For example, Salesforce implemented an enviable “26 weeks of paid parental leave, and a focus on metrics, including making diversity data available to the executive team on a monthly basis so they can monitor results and keep diversity goals top of mind,” according to Molly Ford, Salesforce’s Senior Director of Global Equality Programs.

Confront the unconscious biases head-on

Women are more than twice as likely to report that their workplace promoted a culture of sexism and bias than men are, with 41% of women attributing these and other gender-related issues to unconscious bias.

If you don’t try to tackle these unconscious biases and make an actionable effort to make things better, all the diversity groups and lectures won’t mean much.

Key factors women look for in an employer, studies say

Perhaps you’ll find it surprising that women and men are actually quite similar when it comes to the main things they look for when picking a potential employer: Everyone wants to work at a company where they’ll earn a competitive salary, be able to maintain a solid work/life balance, and conduct what they feel is meaningful work to an organization that has a sense of purpose, according to an IDC report.

But, if you dig deeper, there are some meaningful differences between the two genders.

When asked to rank selection criteria for considering potential new employers, women highlighted the following 7 key components:

  • Company growth potential and future success
  • Competitive compensation and pay
  • Company builds quality products and services
  • Company has a sense of mission and purpose
  • Opportunities for career advancement and promotion
  • Would improve future employability opportunities
  • Trusted by customers and business partners

So, if you want to attract more women to work at your company, you should prioritize the above list, and be sure to offer considerable growth potential and have that be communicated to your potential candidates, offer equal pay for equal work, and provide opportunities for career advancement—not only to your white, cis, male employees.

Let’s encourage women in STEM, and reward them for their hard work

It’s no secret that women are underrepresented in IT let alone in tech leadership positions.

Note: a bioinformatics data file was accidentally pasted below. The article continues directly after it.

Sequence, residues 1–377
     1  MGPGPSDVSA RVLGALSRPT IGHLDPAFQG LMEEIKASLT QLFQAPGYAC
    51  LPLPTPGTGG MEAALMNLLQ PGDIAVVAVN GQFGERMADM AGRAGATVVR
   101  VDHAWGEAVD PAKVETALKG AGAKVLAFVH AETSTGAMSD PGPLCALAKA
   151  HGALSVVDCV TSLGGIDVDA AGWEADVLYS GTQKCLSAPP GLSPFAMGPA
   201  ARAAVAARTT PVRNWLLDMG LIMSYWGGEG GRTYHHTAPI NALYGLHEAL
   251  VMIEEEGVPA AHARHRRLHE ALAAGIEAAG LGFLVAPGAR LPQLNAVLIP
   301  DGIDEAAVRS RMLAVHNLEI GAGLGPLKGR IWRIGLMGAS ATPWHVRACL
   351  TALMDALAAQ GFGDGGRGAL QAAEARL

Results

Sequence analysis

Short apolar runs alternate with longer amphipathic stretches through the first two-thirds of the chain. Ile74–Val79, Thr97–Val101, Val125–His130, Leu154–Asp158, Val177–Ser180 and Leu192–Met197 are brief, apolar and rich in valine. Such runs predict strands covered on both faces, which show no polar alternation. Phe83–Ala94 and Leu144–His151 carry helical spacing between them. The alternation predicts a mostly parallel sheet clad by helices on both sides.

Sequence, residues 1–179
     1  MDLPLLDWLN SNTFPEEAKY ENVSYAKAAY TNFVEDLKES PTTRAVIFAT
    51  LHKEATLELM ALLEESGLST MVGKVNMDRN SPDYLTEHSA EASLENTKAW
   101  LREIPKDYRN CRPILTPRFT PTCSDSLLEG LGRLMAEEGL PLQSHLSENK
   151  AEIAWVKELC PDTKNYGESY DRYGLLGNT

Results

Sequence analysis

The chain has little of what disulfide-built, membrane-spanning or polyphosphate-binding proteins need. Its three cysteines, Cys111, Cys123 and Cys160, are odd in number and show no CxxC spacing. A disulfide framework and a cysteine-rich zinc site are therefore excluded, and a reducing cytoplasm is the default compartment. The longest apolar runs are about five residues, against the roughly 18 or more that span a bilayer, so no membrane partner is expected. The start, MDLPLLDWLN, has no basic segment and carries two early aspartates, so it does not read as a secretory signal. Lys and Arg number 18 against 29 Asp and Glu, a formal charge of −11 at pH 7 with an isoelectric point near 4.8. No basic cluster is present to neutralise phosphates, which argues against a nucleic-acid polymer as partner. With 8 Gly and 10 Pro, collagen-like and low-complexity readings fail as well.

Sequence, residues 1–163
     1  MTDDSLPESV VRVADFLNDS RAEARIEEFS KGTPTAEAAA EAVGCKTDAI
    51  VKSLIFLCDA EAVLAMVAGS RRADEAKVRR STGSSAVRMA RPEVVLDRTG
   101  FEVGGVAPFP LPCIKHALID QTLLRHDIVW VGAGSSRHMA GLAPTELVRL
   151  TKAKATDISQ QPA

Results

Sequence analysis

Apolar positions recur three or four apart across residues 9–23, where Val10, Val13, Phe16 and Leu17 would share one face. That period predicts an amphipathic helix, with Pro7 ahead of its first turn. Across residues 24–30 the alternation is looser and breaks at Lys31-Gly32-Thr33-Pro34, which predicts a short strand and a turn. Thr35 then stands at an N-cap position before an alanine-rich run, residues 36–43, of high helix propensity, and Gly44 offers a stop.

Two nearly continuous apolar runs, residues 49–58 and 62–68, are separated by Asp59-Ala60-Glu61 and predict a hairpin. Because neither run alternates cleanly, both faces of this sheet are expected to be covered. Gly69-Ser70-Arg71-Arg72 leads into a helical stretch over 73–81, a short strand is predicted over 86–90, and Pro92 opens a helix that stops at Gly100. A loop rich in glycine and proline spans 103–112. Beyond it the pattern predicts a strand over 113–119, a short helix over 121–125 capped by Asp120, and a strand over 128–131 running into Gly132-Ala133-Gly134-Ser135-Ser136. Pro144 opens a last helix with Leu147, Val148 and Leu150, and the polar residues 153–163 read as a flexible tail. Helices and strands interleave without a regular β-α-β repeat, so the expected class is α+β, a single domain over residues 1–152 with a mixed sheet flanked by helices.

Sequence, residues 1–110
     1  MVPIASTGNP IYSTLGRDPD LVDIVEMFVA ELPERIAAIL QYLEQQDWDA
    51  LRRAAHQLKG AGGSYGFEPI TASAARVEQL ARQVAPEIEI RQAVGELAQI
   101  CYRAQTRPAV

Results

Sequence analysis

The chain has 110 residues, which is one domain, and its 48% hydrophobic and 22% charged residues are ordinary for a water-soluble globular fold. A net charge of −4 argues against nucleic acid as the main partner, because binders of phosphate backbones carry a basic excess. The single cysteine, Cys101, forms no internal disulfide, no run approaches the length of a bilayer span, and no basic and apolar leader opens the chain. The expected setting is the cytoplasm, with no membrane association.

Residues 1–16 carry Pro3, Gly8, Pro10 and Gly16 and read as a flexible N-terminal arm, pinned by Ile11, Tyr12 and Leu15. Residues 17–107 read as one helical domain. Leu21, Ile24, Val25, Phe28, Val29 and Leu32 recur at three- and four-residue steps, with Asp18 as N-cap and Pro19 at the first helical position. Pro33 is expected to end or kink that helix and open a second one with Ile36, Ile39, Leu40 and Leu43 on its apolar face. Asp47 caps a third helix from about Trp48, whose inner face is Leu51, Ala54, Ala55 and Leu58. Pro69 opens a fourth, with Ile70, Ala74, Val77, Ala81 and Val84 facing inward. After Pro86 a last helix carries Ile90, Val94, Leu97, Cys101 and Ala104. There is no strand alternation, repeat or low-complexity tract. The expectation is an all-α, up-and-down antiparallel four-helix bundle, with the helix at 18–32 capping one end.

So, below are some awards to try and know all the women, and women of color, who are doing outstanding work in IT, we see you and are proud of you!

Global Women in tech awards

The Women in IT Awards & Summit is a one-day event covering topics such as blockchain, AI and machine learning. The Award categories include CIO of the Year; Advocate of the Year; Entrepreneur of the Year; Future CIO of the Year; Business Role Model of the Year; CTO of the Year; Rising Star; and Diversity Initiative of the Year.

Lesbians who tech summit

Founded back in 2014, the Lesbians Who Tech Summit cites itself as the “largest LGBTQ professional event in the world,” according to its website, and of course allies are welcome. The event was designed to bring more exposure to the LGBTQ community in tech, including “LGBTQ women, trans and gender nonconforming individuals, LBGTQ people of color, and demographics that are underrepresented in the tech sector and LGBTQ spaces.”

Tech up for women

Tech Up for Women is a one-day conference that targets the advancement of women in different sectors of technology, including cybersecurity, blockchain, AI, VR, big data, security, and healthcare technology. The conference strives to “improve their digital literacy and successfully compete and disrupt gender imbalance in work environments,” according to its website.

Here’s to all the women in the IT industry, we hear you, we see you, and we’re proud of you!

We hope you have a wonderful International Women’s Day, and feel valued and respected every day of the year!